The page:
News / Science & Technology

Ancient Papyrus Reed Could Hold Key to Water Conservation

Restored Papyrus Swamps Can Help Fight Pollution, Conserve Wateri
X
Faiza Elmasry
July 10, 2014 5:18 PM
Papyrus is a light but strong reed that grows well in shallow, fresh water. The plant stood at the center of the ancient Egyptian civilization. It was used as paper and the reed's shape inspired the fluted columns of ancient Greece. Most of the papyrus swamps gradually disappeared from Egypt and other parts of Africa. As VOA's Faiza Elmasry discovered, though, restoring the papyrus swamps could hold the key to solve many of today’s problems, from pollution to water wars. Faith Lapidus narrates.
Faiza Elmasry

Ancient Egyptians turned papyrus into paper and provided the world with it for thousands of years. Hundreds of thousands of books in the Royal Library in Alexandria and Rome's 58 public libraries were made of papyrus, almost all of the Western world’s literature and sacred texts at the time. 

But the value of papyrus is not limited to paper. Writer and ecologist John Gaudet says ancient scholars considered it the wonder of the age. Egyptian civilization, he adds, might not have developed without papyrus.   

“In the Nile Valley, to do things on a day-to-day basis, you also had to be able to get on the water so they used to use papyrus boats," he said. "And they used papyrus boats the way people today use fiberglass. People still make them in Ethiopia so we know what they’re like.

"Then they found they could also use the boats to build the houses on. They didn’t have to build their houses on land; they could build them on water. Then they found that they could do all kinds of things with papyrus; as you can imagine, you can make baskets out of it, you can make sandals, you can make rope. They made incredible amounts of rope, they exported the rope. So even before paper came to existence, papyrus helped the ancient Egyptians get along on a day-to-day basis.”

John Gaudet walks through a papyrus swamp in Israel in 2011. (Courtesy John Gaudet)
John Gaudet walks through a papyrus swamp in Israel in 2011. (Courtesy John Gaudet)

Over the centuries, though, many papyrus swamps were drained.  Gaudet says people saw them as “wasted” spaces that could be better used for farmland or housing.  In the process, he says, an incredible natural resource was lost. In addition to the variety of items that can be manufactured from the plant, the swamps provide habitat for birds and fish, and help control pollution.

“Papyrus actually filtered sewage and runoff and silt all those years," he said. "And papyrus happens to be a very, very efficient plant in a filter swamp.”

Gaudet says papyrus - one of the fastest growing plant species on Earth - has recently started to make a comeback. He points to several projects in Egypt to restore the swamps to filter sewage.

“A lot of the scientists there, the engineers, are beginning to see the value of a filter swamp because it’s cheap. It can be put in place at all different levels," he said. "You can either have a simple swamp, you don’t touch it, you just leave the swamp and it works. Or you can have a managed system where you take a swamp, you take some concrete liners, you divert the polluted water into the swamp and you clean it up that way. So the managed system is what they’re working on now. This is the same filter swamp concept we have used in the United States." 

A man propels a papyrus boat across Lake Tana in Ethiopia, 1980. (Courtesy John Gaudet)A man propels a papyrus boat across Lake Tana in Ethiopia, 1980. (Courtesy John Gaudet)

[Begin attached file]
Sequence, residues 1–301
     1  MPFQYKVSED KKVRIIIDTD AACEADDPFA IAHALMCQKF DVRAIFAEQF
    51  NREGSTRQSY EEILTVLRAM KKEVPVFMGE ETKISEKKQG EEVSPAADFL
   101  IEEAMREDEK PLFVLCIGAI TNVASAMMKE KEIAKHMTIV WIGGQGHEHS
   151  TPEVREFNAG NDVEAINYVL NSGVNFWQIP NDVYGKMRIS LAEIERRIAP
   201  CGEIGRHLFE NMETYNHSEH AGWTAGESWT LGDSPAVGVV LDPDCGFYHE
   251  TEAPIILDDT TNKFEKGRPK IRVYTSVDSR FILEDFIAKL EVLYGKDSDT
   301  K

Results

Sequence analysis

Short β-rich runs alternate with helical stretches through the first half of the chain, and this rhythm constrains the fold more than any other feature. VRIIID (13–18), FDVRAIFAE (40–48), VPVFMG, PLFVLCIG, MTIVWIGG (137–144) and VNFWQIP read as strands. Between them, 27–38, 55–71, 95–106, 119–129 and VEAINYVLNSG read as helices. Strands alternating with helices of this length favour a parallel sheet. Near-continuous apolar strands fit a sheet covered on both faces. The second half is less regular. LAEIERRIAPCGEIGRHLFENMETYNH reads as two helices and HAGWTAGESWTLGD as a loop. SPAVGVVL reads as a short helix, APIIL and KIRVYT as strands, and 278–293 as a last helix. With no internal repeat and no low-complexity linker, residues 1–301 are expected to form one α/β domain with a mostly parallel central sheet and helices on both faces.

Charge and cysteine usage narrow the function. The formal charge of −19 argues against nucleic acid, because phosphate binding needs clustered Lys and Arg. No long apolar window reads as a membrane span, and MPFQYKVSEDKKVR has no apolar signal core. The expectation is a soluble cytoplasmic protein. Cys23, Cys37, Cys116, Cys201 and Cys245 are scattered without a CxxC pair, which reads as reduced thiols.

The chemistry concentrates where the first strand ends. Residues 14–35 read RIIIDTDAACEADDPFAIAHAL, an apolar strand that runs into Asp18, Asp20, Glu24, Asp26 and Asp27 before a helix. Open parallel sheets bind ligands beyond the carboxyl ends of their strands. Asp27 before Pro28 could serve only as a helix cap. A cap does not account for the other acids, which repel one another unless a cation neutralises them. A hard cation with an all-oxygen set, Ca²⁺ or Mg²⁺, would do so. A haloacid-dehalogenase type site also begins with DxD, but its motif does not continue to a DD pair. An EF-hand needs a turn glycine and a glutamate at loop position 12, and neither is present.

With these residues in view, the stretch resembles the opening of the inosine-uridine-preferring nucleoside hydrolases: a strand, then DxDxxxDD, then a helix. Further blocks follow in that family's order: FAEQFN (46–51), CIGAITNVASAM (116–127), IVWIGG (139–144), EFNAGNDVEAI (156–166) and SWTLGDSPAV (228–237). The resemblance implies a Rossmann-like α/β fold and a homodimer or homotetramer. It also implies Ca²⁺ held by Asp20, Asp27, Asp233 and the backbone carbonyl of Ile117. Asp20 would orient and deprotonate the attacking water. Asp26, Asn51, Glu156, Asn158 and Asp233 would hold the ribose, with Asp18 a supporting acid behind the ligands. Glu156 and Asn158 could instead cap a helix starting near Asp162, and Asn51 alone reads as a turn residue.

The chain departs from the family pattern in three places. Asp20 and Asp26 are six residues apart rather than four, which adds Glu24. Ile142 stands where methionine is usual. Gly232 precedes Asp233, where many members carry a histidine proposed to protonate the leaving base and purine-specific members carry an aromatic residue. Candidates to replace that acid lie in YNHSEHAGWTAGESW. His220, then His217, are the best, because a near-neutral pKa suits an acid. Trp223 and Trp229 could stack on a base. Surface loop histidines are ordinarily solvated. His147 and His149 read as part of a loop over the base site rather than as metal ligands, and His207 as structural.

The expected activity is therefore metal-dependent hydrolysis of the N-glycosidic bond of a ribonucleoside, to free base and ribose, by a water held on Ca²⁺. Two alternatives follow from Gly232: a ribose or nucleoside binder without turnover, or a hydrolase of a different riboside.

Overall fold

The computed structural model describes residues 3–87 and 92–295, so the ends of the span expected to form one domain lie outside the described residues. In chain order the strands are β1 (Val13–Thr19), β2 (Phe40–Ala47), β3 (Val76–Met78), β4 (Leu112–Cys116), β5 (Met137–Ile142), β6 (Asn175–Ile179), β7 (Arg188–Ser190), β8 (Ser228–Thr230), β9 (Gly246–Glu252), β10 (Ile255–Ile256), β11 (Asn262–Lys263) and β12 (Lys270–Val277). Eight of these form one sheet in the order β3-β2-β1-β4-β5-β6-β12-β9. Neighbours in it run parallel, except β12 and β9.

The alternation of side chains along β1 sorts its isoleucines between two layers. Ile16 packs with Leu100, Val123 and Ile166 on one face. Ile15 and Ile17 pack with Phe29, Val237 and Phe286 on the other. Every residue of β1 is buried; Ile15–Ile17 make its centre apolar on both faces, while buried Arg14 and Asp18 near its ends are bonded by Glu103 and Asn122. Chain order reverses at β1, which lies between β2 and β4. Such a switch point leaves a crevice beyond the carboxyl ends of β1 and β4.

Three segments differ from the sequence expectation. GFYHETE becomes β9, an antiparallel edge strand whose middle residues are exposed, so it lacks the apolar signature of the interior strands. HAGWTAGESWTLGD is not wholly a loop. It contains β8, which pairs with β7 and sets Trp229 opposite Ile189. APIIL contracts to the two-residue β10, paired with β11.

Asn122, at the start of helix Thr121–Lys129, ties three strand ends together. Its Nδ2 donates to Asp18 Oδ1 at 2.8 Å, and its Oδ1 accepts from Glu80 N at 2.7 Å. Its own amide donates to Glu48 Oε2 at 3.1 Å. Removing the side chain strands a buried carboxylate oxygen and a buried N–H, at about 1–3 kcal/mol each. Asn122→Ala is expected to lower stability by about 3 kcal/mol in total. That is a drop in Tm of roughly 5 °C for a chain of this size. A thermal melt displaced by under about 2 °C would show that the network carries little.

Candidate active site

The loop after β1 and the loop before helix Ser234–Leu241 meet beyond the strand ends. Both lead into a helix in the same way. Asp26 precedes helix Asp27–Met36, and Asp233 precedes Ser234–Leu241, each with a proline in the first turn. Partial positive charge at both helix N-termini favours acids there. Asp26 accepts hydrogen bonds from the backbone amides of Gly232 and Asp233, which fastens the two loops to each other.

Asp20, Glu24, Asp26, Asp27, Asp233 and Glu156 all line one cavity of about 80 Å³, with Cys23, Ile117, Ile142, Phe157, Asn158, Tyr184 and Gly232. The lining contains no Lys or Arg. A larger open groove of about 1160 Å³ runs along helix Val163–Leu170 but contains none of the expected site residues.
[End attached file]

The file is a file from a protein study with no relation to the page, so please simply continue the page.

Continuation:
x
A man propels a papyrus boat across Lake Tana in Ethiopia, 1980. (Courtesy John Gaudet)
A man propels a papyrus boat across Lake Tana in Ethiopia, 1980. (Courtesy John Gaudet)

In his book, Papyrus, the Plant that Changed the World, Gaudet writes that papyrus swamps may hold the key to stability in some of the most unstable regions in the world. As fresh water becomes scarcer, he says papyrus can help preserve the resource.

“People always think of the wetlands or swamps as places where water goes in and never comes out," he said. "What I’m saying here is that the water seeps into the soil and therefore recharges the system underground that you don’t see. And also the papyrus, because the heads close over and form this canopy, it creates this very humid barrier underneath. It’s great because it actually prevents water from being lost. So it’s better to have papyrus than to have an open surface like a reservoir; if you have a reservoir in an arid zone, you tend to lose a lot of water by evaporation.”

Gaudet has traveled to Egypt, Sudan, Ethiopia, Uganda and other places where papyrus grows. He works with water experts there, and encourages officials to preserve papyrus swamps or restore them. He says that can benefit local economies. 

“Wetlands in years to come are going to worth an awful lot of money for people in southern Sudan, throughout Sudan and central Africa and southern Africa, because it’s going to be a tourist resource, it's going to be a natural resource that they use for virtually everything, from local farming, small scale farming," he said. "They all use water from that system.”

Ecologist John Gaudet says he’s optimistic. As people rediscover the benefits of papyrus, he hopes the plant will once again flourish in the land it once ruled.

You May Like

WHO: Anti-Ebola Efforts Should Focus on West Africa

Official says WHO is 'reasonably confident' countries bordering those hardest hit by the Ebola outbreak are not seeing the virus crossing their borders More

South Sudan Crisis Threatens Development

Economic costs and lost development opportunities in South Sudan have erased what little progress the country has made since independence in 2011 More

Ukrainian PM Warns: Russia May Try to Disrupt Sunday Poll

Arseniy Yatsenyuk orders full security mobilization for parliamentary election to prevent ‘terrorist acts’ from being carried out More